I was 19 months old, August 1959, when I came to America. My parents had been involved in the details of my adoption since Christmas eve of 1958, eleven days before my first birthday. I have seen pictures of the first moments of my life with Mom and Dad (Detroit International Airport) and I have to admit, I looked significantly less enthused than they did. I now can see why. I came over in the company of another boy and a priest. My family actually maintained regular contact with the family of my traveling companion for several years after our arrival. In my high school were two sons, both from Ireland, of one of the lawyers involved in the adoptions.

In appreciation for their gift from god (with special thanks to St. Jude, the patron saint of lost causes) my parents contributed yearly and generously to Catholic missionaries throughout their lives. Following the directives of the adoption officials they raised my sister and I Catholic, sending us both to Catholic grade and High schools. It took me a awhile to forgive them for making sure that I had nuns for teachers for the first four years of my life but it was a humble and pious decision on their part which had negative consequences unforeseeable by them and ultimately not that traumatic to me. Except that I get way crazy whenever nuns are discussed. If any one thing can be said to be a root cause of my disdain of authoritarianism it would have to be all those nuns early in my life.

Half of the children of my friends from my youth are adopted, as is my Godson (happy birthday A!). Although I obviously had no say in that, I am proud of it none-the-less. I would like to think that my life provided some reassurance that adoption is a great choice.

I am truly pained that the life of the woman who gave me birth and took care of me for my first year and a half was most likely one of shame and depredation. But the end result, for me, has been wonderful and I would have it no other way. She may have been lied to about many things but not about how much better her child's life would be.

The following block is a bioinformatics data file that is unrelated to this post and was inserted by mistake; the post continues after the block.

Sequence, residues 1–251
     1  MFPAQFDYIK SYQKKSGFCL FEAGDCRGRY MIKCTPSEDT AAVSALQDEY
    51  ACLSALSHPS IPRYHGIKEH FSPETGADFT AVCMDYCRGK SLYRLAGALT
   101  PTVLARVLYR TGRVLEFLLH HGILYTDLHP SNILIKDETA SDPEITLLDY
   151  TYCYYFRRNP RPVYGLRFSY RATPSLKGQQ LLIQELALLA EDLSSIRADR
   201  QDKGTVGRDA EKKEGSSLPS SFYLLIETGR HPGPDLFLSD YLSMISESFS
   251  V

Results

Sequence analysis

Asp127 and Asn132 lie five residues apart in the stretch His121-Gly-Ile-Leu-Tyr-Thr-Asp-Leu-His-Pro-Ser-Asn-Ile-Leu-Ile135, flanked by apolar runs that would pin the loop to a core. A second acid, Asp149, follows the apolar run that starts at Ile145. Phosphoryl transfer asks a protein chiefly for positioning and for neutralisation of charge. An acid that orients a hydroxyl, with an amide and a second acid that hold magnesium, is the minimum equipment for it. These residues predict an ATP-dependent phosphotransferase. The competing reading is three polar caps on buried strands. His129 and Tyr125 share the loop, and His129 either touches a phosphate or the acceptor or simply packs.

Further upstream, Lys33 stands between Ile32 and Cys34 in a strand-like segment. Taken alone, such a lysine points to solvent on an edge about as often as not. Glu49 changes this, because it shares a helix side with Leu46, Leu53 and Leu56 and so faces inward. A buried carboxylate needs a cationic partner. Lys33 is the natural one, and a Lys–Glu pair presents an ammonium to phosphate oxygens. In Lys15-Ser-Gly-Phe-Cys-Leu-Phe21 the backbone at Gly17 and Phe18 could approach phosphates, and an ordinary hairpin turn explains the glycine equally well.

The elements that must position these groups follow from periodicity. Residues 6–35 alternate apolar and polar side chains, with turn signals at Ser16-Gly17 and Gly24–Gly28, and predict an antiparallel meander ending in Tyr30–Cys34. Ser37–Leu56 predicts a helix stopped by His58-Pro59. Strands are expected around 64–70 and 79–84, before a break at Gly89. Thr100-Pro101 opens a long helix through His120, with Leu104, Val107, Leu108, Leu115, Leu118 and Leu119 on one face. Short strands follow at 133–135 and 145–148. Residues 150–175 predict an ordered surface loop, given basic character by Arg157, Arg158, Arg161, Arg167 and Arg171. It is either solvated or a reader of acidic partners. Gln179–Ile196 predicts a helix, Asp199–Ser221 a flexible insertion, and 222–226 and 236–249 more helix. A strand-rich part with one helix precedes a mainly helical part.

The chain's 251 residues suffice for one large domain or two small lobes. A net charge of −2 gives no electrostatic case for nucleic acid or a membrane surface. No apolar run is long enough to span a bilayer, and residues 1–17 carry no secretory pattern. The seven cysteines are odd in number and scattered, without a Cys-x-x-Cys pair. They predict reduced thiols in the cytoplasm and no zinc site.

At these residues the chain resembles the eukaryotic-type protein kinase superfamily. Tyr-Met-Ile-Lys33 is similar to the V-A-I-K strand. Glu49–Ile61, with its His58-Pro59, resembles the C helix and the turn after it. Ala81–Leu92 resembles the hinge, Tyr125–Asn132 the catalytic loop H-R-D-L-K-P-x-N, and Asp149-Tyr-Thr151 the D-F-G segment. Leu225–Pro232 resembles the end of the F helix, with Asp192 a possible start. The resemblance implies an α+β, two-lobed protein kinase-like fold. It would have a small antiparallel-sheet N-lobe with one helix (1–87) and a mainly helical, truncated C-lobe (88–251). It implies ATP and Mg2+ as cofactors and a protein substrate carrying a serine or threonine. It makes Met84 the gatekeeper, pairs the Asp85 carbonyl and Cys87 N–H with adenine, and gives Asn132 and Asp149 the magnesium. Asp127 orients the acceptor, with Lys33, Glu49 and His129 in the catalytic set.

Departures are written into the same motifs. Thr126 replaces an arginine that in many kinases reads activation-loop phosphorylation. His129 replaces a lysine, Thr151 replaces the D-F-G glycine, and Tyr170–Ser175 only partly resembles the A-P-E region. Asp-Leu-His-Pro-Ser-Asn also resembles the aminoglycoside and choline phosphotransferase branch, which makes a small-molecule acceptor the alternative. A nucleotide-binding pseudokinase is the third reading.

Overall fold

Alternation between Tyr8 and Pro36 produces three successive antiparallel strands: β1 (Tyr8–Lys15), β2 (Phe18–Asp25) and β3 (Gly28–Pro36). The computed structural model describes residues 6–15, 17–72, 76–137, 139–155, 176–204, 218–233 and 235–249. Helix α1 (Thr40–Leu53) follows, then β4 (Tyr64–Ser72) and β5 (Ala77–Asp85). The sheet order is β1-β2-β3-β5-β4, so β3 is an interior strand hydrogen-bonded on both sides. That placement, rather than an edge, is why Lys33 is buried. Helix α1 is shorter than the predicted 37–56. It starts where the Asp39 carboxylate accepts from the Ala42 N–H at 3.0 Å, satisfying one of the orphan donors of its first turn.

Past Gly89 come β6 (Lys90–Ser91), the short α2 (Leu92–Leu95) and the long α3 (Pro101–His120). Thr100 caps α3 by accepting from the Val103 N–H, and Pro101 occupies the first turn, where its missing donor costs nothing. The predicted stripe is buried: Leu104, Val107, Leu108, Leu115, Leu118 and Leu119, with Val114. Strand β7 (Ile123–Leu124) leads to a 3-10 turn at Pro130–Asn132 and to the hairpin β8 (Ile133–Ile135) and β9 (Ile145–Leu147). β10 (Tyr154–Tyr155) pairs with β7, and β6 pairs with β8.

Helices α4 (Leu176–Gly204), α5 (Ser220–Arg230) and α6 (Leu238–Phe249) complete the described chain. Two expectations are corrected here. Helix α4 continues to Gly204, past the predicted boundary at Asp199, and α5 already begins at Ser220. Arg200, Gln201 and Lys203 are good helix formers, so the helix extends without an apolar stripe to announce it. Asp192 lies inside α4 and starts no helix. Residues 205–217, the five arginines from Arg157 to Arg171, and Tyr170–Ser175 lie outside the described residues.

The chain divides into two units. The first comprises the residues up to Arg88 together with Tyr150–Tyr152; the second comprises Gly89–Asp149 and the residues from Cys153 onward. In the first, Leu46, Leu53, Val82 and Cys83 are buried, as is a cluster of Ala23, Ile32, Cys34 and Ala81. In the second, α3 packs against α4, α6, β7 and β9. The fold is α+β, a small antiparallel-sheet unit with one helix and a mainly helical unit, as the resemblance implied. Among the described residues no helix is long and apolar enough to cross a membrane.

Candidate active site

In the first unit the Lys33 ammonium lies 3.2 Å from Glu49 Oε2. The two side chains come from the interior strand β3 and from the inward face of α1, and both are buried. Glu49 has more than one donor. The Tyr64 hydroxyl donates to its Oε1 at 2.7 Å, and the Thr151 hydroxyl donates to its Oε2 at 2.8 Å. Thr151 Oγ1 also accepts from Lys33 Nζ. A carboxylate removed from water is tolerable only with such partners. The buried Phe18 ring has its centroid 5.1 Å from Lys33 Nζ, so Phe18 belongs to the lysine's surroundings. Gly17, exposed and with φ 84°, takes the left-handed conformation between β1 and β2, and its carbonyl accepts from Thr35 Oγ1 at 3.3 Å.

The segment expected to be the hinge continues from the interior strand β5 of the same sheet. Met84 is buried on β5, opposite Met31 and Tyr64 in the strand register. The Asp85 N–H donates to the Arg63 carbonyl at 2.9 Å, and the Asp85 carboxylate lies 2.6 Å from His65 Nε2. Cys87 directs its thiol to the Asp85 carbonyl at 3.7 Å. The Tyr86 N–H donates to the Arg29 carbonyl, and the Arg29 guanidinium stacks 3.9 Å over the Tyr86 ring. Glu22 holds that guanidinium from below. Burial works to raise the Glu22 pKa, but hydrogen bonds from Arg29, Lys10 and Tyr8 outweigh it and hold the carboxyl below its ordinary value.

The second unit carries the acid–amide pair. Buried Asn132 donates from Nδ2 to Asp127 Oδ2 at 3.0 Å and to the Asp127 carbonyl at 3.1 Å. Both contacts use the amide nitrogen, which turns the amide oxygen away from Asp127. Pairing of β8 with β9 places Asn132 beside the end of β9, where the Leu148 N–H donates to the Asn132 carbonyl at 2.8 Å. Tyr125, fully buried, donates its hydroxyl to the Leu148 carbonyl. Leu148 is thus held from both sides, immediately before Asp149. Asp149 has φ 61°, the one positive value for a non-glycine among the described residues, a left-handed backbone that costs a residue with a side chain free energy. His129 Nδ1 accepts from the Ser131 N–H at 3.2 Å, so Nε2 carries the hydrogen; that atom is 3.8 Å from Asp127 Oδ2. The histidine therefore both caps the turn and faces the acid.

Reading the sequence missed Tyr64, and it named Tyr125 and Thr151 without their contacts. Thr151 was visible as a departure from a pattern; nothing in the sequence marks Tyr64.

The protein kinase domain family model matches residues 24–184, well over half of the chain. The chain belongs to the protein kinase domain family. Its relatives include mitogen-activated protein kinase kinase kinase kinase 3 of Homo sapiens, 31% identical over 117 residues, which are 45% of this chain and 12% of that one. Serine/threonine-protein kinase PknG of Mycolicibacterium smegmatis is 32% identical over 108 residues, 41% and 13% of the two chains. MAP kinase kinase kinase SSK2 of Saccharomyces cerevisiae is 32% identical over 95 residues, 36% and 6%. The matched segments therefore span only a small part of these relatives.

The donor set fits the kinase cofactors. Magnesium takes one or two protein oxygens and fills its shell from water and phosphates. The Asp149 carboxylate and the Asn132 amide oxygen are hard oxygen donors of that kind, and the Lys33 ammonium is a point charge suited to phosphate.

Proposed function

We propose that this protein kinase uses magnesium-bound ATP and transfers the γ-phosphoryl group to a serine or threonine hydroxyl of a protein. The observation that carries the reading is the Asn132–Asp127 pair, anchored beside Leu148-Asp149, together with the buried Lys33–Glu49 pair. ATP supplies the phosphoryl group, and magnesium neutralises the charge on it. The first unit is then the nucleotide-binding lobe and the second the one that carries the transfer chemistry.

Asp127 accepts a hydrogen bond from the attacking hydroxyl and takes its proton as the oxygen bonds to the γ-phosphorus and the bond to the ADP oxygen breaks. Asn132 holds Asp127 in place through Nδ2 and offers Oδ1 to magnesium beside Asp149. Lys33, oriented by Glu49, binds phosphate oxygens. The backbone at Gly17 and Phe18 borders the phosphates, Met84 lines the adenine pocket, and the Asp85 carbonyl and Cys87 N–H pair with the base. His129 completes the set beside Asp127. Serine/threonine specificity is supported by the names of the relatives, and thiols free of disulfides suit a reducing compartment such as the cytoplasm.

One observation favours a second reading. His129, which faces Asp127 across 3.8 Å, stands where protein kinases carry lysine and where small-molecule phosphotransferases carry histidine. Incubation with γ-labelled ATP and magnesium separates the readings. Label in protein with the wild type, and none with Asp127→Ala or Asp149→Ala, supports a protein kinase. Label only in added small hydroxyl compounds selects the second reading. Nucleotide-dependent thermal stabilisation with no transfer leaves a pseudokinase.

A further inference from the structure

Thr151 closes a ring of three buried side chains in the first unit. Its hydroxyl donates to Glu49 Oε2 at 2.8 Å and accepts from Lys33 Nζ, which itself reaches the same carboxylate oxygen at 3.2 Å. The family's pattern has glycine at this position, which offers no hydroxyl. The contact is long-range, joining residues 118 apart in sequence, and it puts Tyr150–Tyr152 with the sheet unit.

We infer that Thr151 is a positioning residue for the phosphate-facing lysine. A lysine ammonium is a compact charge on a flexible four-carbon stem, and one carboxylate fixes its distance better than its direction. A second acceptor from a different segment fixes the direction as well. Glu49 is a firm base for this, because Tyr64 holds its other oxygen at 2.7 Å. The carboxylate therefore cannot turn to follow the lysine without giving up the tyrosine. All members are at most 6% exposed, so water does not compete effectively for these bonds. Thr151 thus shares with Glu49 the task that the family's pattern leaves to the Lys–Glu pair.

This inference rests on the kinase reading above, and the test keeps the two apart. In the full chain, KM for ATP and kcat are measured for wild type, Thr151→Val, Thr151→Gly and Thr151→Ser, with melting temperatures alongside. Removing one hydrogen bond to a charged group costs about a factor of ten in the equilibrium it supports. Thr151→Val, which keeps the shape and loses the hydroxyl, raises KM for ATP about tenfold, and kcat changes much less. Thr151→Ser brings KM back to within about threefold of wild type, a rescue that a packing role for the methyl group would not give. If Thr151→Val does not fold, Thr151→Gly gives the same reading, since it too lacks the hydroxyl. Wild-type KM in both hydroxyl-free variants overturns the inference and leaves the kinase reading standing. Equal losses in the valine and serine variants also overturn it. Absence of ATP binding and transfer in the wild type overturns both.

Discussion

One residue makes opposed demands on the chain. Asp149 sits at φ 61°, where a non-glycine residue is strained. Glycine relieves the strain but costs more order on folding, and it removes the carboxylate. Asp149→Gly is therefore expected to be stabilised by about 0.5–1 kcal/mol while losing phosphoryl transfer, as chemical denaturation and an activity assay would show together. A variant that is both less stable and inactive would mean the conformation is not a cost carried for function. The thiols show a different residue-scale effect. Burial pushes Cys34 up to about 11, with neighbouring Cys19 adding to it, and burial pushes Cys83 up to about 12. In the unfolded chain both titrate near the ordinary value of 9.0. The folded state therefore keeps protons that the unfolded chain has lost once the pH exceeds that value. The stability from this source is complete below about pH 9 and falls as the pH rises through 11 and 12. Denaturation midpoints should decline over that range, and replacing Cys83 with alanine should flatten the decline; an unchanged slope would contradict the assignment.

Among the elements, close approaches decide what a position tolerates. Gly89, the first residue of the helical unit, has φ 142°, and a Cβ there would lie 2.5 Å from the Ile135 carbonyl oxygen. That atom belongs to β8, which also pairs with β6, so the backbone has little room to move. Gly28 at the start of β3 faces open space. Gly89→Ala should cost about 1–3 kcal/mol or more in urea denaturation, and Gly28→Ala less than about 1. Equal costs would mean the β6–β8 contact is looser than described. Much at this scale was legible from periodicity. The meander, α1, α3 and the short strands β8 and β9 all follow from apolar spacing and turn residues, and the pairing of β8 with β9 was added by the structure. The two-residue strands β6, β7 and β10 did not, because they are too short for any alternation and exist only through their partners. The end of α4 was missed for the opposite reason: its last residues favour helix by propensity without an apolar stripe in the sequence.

This is how I planned to end GT12's Irish Fest. There were fewer posts than planned due to the realities of my life as, among other things, a 'tax professional'. And this one is a day late. Maybe next year we can honor James Joyce, and James Connolly, Synge and Shaw, DeValera and The Dubliners. Thanks for following along. I hope you better understand how important my Irish identity is to me and how graced our western world is by the presence of Eire in it.




We present the shocking statistics of money that the Catholic Church receives, this list denotes money only from Italy.
Below are the links where you will find information in different languages.

Evidence showing corrupt money that bleeds the people and is used to cover up pedophile priests, crimes against humanity. ITALIANO INGLES PORTUGUES ESPANOL

(Industrial Schools)Vatican & Government: Partners in Crime

Christian Brothers and Sisters of Mercy abused thousands of children in catholic institutions

Abuse in Catholic-run Schools, Telegracia Investigates:

TeleGracia Investigates: Abuse in Catholic-run Mental Institutions

  © Banished Babies Sponsored by Protect Your Children Foundation 2010